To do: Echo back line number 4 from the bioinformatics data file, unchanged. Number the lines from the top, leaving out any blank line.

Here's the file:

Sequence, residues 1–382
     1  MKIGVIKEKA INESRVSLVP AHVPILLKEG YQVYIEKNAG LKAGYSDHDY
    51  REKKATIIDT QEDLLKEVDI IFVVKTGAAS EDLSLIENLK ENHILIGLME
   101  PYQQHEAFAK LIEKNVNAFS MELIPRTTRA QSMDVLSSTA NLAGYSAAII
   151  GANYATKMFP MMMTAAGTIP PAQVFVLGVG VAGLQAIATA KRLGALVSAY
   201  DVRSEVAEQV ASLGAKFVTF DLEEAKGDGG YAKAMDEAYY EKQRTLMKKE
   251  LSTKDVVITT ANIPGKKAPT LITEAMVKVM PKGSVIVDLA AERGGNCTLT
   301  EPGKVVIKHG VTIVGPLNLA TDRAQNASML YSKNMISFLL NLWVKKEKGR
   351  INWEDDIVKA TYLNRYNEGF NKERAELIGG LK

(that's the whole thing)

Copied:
   101  PYQQHEAFAK LIEKNVNAFS MELIPRTTRA QSMDVLSSTA NLAGYSAAII